Battling Corporate Bullies -- Chapter 4
We knew that the San Francisco Bay Guardian had fallen on hard times. The staff of seven staff writers who reported to me as city editor in 2003 had been whittled down to just one 10 years later. All the editors were writing as well as editing, for both the newspaper and our website, struggling to ensure that the Guardian still read like the Guardian while adapting to the Internet age.
So when longtime Executive Editor Tim Redmond took me to lunch on a sunny spring day in 2012 and told me that the Guardian was in danger of going under and that he had engineered a sale to the new owners of the San Francisco Examiner — who, from the outside, seemed to be an improvement on their right-wing predecessors — I accepted our fate and understood that it was the only way.
It was announced the next week and I tried to be hopeful, even seeing opportunity in shacking up with the Examiner and having more resources at our disposal, particularly with Tim’s assurance that we would remain an independent newspaper under his firm control. I also understood the importance of projecting that hope publicly, knowing it was our only chance.
That’s why I was baffled a week later when Tim called me into his office to say that he’d just received an angry phone call from our new owner, Todd Vogt, who said he’d heard that I was going around City Hall criticizing the merger and that I should shut the fuck up. I told Tim that it wasn’t true, that I was doing just the opposite, and to convey that to Vogt.
At the time, I assumed it was my political enemies trying to undermine me with the new boss. That made the most sense. I had been battling the city’s political establishment and business community for a decade, more pointedly than ever in recent years as the neoliberals took power from the progressives at City Hall, and surely some were seizing the chance to remove a pesky thorn from their sides. Fair play.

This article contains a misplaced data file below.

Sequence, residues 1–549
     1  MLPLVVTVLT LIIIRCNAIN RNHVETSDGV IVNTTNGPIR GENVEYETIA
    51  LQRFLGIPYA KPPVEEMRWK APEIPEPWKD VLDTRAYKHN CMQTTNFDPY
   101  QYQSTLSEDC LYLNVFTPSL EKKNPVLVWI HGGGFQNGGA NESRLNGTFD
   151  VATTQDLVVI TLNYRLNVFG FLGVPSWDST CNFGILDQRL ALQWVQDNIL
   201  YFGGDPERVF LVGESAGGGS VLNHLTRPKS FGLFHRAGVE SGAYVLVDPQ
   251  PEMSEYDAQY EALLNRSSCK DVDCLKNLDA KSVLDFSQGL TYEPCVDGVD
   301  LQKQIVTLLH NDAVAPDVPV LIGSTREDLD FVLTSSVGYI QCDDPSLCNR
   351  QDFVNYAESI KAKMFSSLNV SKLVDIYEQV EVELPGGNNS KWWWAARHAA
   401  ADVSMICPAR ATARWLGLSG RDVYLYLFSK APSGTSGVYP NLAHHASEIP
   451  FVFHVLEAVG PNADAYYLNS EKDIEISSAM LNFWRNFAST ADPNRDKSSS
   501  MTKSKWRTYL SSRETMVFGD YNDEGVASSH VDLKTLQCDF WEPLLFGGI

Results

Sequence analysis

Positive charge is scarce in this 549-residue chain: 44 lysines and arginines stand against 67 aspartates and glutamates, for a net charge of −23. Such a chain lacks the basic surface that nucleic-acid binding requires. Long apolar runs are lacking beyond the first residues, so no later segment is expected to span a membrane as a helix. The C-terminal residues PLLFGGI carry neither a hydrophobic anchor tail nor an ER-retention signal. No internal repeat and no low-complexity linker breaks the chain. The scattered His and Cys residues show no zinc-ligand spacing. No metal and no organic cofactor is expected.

Shortly after moving in with the Examiner, during a cocktail-fueled event at a Market Street bar called Local Edition that was the Examiner’s newsroom during its Hearst-run heyday, Vogt even told me, “I was going to fire you.” He didn’t say why, but I told him thanks for not doing so, and we knocked back a few more drinks together, seemingly mending fences.
But I continued to wear a target on my back, as Vogt privately urged Tim to get rid of me and he refused to do so. Neither of us knew exactly why Vogt was gunning for me, suspecting that it was somewhere between a micromanaging power trip and a way for Vogt to establish himself as a player in town.
Vogt made of point of developing relationships with top politicians and business executives, showing up at big events to mix and mingle with community leaders. He wanted to be a big city publisher, cultivating power for himself as his distant predecessor William Randolph Heart Jr. had done, something that didn’t interest his successor, Glenn Zuehls, who only seemed concerned with making money and pleasing the company.
Zuehls was a company man, first and foremost, someone ideally suited to a corporation that bought up newspapers throughout North America, cut their costs, and were never again known for the quality of their journalism. But Vogt wanted to be a big shot in San Francisco, a city he embraced with a big expense account and sense of wide-eyed wonder.
So I girded for battle, starting a file of dirt on the man and his company and preparing my posse of friends and fellow independent journalists to help me fight back once I was forced out. In the fall, that seemed inevitable, particularly after a conflict with Vogt that ended up being a different kind of turning point.
It was the first time that Vogt tried to intervene on an editorial decision, which was sacred ground for me and Tim, the line that we simply weren’t going to let him cross. In our endorsements for the November 2012 election, we just wanted to stop the bleeding and not lose any more progressive seats on the Board of Supervisors, the city’s main legislative body.